"Not Tonight, Honey. I Have a Headache."

 One of the most difficult conversations that I have had with my patients is one that is related to sexual dysfunction.  It is often a topic that a patient may bring up just as I have my hand on the door knob to walk out of the room.  She might approach the conversation by saying, "My husband wanted me to talk to you about the fact that I have no desire for sex anymore."  Then, the conversation, often involves her crying and expressing the anxiety that her lack of desire is causing her.

You see, the problem is often not an issue of the woman falling out of love with her husband which is often the message perceived.  The problem is one that is complex and often difficult to verbalize.  The woman often feels sad that she is not able to maintain the same desire that she once had for that special, intimate moment with her husband. 

This blog is the first in a brief series on female sexual dysfunction.  It is not meant to be a comprehensive review of the subject.  My hope is to shed some light on a topic that many physicians do not have time to address in a normal visit.  I also hope to let those of you who are experiencing female sexual dysfunction know that you are not alone.

According to the American College of Obstetricians and Gynecologists (ACOG), there are four basic types of sexual dysfunction.  In order to remember these types of dysfunction, I have created an acronym for you, P.A.I.N.


P: Sexual Pain

A: Impaired Arousal

I: Inability to Achieve Orgasm

N: No Desire. 

This blog will focus on "N: No Desire". 

An ACOG practice bulletin entitled Female Sexual Dysfuction, describes two main dysfunctions related to desire.  They are called hypoactive sexual desire disorder and the other is sexual aversion disorder.  In simple terms, hypoactive sexual desire disorder refers to a decreased desire in sexual activity that causes distress in the woman or in the relationship.  Sexual aversion disorder is an aversion to genital contact that causes distress in the woman or the relationship.  In both cases, the key is that the lack of desire or the aversion (strong dislike) is persistent, recurrent and causes distress. 

Hypoactive sexual desire disorder is the most common hypoactive sexual desire disorder.  It usually occurs in women who are between the ages of 40 to 60 years old.  It can occur in younger women as well.  Sometimes the basis of the disorder is in a situation or a circumstance, such as a relationship problem, depression, the result of taking a medication (e.g., oral contraceptive pills or anti-depressant), gynecologic problem or hormonal problem.  Sexual aversion disorder may be the result of a traumatic experience.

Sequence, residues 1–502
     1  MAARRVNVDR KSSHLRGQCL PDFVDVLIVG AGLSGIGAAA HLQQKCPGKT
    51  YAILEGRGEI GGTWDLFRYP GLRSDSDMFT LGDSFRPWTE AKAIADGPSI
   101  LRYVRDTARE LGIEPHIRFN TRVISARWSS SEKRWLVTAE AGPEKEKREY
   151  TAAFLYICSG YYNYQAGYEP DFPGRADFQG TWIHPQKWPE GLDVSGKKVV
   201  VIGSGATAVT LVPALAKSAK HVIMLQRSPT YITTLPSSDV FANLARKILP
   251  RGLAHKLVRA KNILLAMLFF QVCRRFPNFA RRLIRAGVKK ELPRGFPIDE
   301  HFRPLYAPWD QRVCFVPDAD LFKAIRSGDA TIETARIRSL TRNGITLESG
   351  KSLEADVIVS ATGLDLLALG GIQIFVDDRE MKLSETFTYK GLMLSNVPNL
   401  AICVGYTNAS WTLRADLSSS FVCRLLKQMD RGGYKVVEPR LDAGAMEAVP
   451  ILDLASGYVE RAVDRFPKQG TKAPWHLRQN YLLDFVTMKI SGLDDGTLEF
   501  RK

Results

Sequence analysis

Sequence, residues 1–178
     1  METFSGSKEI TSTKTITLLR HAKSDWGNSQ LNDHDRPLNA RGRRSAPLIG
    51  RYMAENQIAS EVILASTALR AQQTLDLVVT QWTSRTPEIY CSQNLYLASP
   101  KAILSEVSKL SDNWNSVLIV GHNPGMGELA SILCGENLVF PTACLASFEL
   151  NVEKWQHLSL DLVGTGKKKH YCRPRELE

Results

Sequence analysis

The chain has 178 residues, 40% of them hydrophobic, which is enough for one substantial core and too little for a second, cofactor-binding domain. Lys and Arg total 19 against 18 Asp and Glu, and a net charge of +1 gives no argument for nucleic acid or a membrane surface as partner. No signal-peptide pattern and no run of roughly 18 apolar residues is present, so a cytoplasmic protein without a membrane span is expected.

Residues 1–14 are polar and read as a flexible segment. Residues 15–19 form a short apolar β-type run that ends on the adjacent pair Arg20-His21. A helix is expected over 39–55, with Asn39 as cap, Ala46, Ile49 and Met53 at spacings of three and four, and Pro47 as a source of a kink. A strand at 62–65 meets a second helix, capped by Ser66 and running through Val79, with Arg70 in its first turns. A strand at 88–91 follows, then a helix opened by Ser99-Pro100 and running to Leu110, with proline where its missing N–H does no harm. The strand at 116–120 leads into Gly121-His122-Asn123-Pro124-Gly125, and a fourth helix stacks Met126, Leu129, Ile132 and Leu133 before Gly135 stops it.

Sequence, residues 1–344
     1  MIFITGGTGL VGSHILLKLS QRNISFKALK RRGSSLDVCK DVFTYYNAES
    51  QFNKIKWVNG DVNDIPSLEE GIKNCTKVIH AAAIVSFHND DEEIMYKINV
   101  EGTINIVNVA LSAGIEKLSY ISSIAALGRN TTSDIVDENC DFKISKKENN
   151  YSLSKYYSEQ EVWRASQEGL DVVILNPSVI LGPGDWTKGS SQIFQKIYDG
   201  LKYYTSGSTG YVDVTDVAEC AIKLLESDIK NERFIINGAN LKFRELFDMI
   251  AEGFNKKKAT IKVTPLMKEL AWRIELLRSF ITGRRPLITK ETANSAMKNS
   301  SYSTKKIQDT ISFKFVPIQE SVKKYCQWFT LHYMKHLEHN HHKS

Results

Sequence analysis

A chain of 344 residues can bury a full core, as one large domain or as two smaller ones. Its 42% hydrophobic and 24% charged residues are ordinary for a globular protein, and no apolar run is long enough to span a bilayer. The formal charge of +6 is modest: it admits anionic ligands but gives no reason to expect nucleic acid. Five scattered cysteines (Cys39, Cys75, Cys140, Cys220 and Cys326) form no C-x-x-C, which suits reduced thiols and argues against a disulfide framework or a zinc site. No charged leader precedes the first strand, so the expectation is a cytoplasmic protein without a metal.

There is a book that I discovered in my quest to help my patients called Reclaiming Desire.  It is written by Andrew Goldstein, MD and Marianne Brandon, PhD.  I have been really impressed with their ability to address the issue of hypoactive sexual desire disorder or what some call low libido in a simplistic and understandable tone.  I have not read the entire book cover to cover.  However, the more that I read I am learning how much a physician’s training is limited or even lacking in the area of sexual dysfunction.  Drs. Goldstein and Brandon create a framework for a holistic approach to reclaiming sexual desire.  I encourage you to buy the book and take the sexual desire self-test.  Their test is based on four components of sexual wellness: physical health, emotional resilience, intellectual fulfillment and spiritual contentment.  They assert that all four components must remain in balance in order to maintain sexual well being.  At the end of the test, you will have a score.  If your score is high in a particular area, that is the area where you have the greatest likelihood of imbalance.  That area should be your primary focus.  (I do not have a special interest in this book.  I also will not receive any benefit from you choosing to buy the book.  It is simply a resource that I would like to share with you.)

In my conversations with my patients, I would agree that imbalance in a woman’s life is a precipitating factor in creating a hypoactive sexual desire disorder. Creating balance requires exercise and healthy eating.  It also may involve meditation, counseling, therapy or even taking time to simply have fun and enjoy life.  The spiritual component should not be underestimated.  It is that spiritual connection between husband and wife that can be fuel that keeps the desire going and going and going.

So, if you think you have hypoactive sexual desire disorder or sexual aversion disorder, I dare you to take a chance.  I dare you to resist the temptation to possess complacency and rely on the age old excuse that you have a headache.  I dare you to take a directed approach to reclaiming and reawakening your sexual desire.  Like any goal you want to accomplish, you must have a plan.  First, you must have the courage to discuss it with your health care provider.  You physician cannot help you unless you tell him or her there is a problem.  Second, you must have the courage to discuss it with your spouse.  Your spouse needs to know that you are still very much in love but you are concerned that you have a medical problem that needs attention.  Request patience in the process.  Lastly, be assured that you are not alone.

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